Rwanda was last Friday honoured by the United Religions Initiative (URI) for its efforts at promoting national reconciliation and unity.
The award received through the National Unity and Reconciliation Commission, (NURC), recognises Rwanda’s efforts at uniting a country that has endured years of divisions that led to the 1994 Tutsi Genocide.
However, efforts to promote national reconciliation must be accompanied by those aimed at finding justice against the perpetrators of the genocide.
That way those who were wronged can find peace, while doing away with a culture of impunity.
In the search for justice, an important case was last week heard in the courts, that of Agnes Ntamabyariro, the former Justice Minister accused of planning and inciting genocide.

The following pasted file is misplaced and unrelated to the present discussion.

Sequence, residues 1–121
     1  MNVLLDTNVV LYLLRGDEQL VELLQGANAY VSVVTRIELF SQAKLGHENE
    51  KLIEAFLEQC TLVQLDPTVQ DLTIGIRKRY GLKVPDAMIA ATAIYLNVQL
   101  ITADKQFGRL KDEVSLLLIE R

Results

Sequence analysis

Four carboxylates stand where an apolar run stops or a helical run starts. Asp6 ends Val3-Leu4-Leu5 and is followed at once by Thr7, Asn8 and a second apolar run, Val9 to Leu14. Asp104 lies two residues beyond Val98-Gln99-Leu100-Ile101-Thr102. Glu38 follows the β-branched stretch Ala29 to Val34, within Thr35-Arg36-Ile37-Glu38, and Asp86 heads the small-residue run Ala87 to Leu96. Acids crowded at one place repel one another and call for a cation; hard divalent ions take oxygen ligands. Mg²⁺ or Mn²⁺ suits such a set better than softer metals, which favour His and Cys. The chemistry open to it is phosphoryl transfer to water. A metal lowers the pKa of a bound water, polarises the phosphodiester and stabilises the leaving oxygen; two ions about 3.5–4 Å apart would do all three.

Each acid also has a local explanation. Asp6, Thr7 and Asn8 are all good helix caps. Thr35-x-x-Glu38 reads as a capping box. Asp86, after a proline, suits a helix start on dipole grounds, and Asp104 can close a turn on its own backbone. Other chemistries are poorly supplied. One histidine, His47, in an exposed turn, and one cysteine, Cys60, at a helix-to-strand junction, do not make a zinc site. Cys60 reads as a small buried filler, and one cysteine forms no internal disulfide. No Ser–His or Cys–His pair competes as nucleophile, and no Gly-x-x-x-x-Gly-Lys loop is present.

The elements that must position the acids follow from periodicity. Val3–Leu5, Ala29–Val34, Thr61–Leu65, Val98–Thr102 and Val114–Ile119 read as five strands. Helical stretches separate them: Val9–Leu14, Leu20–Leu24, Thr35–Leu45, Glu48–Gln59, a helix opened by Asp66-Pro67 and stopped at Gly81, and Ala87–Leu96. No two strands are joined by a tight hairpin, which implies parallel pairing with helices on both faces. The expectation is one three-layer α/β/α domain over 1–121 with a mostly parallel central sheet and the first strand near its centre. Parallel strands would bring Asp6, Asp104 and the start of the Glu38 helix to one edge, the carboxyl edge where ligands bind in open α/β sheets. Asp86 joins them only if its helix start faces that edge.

Ntamabyariro, is also accused of distributing weapons and the assassination of former governor Jean Baptiste Habyarimana. These are grave charges.
However aggrieved the government of Rwanda maybe over the lives lost during the genocide, Ntamabyariro, has been accorded a fair trial and given security by the State.
This is the first case of its nature to be tried in the local courts.
A firm basis upon which Rwanda can effectively deal with cases to be transferred from the Arusha based, International Criminal Tribunal for Rwanda (ICTR).
The ICTR has so far over the past 14 years only finalised trials of 36 cases out of 51 genocide suspects arrested so far.
In order to close this chapter in Rwanda’s history it is important that all cases be expedited and those proved guilty be brought to account.
The ICTR agrees that Rwanda’s judiciary has improved tremendously, therefore having the capacity to handle genocide cases.
Efforts to find peace and reconciliation can never be completed without justice as a major component.